This project will test whether Research Domain Criteria - a research framework for new ways of studying mental disorders - are effective in predicting developmental outcomes. For example, this might be in educational attainment, social participation, and mental health, across both general and clinical populations. Using a large prospective community sample of children, adolescents and adults, and large cross-sectional sample of individuals with autism, this research will provide the first exploration of how these candidate dimensions, both directly and indirectly, accurately predict long-term outcomes across both normative and atypical development. The findings will contribute to new understanding of typical and atypical development and have immediate potential to impact clinical and educational decision-making and practice.

Linkage Infrastructure, Equipment and Facilities (LIEF)

High through-put facility for measurement of quantum materials and devices - Professor Christopher Pakes and Dr Dongchen Qi

This project aims to accelerate the development of quantum technologies by expanding our capacity to rapidly evaluate the low temperature electrical and optical properties of novel materials and devices. This will lead to new knowledge in quantum coherent phases of diamond, high mobility two-dimensional spintronics, hybrid semiconductor-superconductor devices, novel phases of silicon and germanium, and single photon sources based on silicon-carbide. Expected outcomes of the project include the establishment of high performing, efficient, new facilities for low temperature quantum measurement, the strengthening of collaborative links between participating researchers and the expansion of opportunities for research students.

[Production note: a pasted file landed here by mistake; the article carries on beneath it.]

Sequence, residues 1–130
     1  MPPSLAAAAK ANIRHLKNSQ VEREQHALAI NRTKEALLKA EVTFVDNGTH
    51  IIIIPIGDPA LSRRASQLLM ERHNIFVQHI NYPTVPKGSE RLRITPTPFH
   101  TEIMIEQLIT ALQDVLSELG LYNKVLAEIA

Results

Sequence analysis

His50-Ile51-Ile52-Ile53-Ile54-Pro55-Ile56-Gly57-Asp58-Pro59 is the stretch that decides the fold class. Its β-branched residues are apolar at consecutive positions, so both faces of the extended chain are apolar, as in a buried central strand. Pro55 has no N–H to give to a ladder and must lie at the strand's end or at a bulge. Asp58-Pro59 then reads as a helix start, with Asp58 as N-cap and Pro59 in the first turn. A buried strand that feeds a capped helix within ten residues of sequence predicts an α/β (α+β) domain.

ARC Discovery Projects

* Families of Strangers? The socio-legal implications of donor linking - Associate Professor Fiona Kelly (La Trobe Law School)

Donor linking is the process by which donor-conceived people, donors, and recipient parents access each other's identifying information. Australia is a world leader in statutory linking, but reform has not been matched by equivalent levels of research on the consequences of the practice. This project aims to generate new knowledge about the impact of donor linking on individual and familial identities and relationships, and the consequences of the growing prevalence of non-statutory linking, such as direct-to-consumer genetic testing and online technologies, for formal regulatory frameworks. This knowledge will constitute an evidence-based platform from which donor-linking law, policy and services can develop domestically and overseas.

* Urbanising Western China: Nation-building on the Sino-Tibetan frontier - Associate Professor James Leibold (School of Humanities and Social Sciences)

This project will explore urbanisation as a key part of the Chinese Communist Party's policies in Tibet and the new opportunities it affords for Tibetan identity, language, and culture. An international, multidisciplinary team will combine analysis of key government texts, interviews with government officials and ethnic minority elites, as well as observations of daily life amongst urban Tibetans. The project will produce new understandings of the challenges of governing diversity in China, and will benefit Australia by exploring a fundamental aspect of the changing social fabric of our region’s dominant power.

* How auto-transporter proteins mediate bacterial interactions - Dr Begoña Heras (School of Molecular Sciences)

This project will investigate the structure-function relationships that underpin key auto-transporter roles in bacterial cell adhesion, aggregation and biofilm formation. Auto-transporter proteins are extremely common in bacteria where they play a central role in controlling bacterial interactions with other bacteria, with human cells, and with surfaces. This project will define the molecular mechanisms underlying these processes. This will have significant benefits, such as providing the basis for the development of approaches to block auto-transporter functions that contribute to the establishment of persistent and difficult to treat bacterial infections.

Media Contact: Claire Bowers – c.bowers@latrobe.edu.au - 9479 2315 / 0437279903